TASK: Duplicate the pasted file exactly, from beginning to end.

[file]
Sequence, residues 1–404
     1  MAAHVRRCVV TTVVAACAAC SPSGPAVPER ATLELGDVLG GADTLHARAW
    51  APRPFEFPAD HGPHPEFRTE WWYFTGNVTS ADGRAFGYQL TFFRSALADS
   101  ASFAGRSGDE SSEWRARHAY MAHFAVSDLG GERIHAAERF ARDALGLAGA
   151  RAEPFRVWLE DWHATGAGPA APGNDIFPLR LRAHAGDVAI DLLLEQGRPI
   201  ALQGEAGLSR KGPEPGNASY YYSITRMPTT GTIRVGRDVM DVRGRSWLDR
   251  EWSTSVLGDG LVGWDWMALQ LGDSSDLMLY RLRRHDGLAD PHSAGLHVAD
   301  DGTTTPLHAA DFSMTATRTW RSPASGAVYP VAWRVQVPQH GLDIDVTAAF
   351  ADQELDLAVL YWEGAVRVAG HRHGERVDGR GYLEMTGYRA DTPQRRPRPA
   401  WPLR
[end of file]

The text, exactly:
Sequence, residues 1–404
     1  MAAHVRRCVV TTVVAACAAC SPSGPAVPER ATLELGDVLG GADTLHARAW
    51  APRPFEFPAD HGPHPEFRTE WWYFTGNVTS ADGRAFGYQL TFFRSALADS
   101  ASFAGRSGDE SSEWRARHAY MAHFAVSDLG GERIHAAERF ARDALGLAGA
   151  RAEPFRVWLE DWHATGAGPA APGNDIFPLR LRAHAGDVAI DLLLEQGRPI
   201  ALQGEAGLSR KGPEPGNASY YYSITRMPTT GTIRVGRDVM DVRGRSWLDR
   251  EWSTSVLGDG LVGWDWMALQ LGDSSDLMLY RLRRHDGLAD PHSAGLHVAD
   301  DGTTTPLHAA DFSMTATRTW RSPASGAVYP VAWRVQVPQH GLDIDVTAAF
   351  ADQELDLAVL YWEGAVRVAG HRHGERVDGR GYLEMTGYRA DTPQRRPRPA
   401  WPLR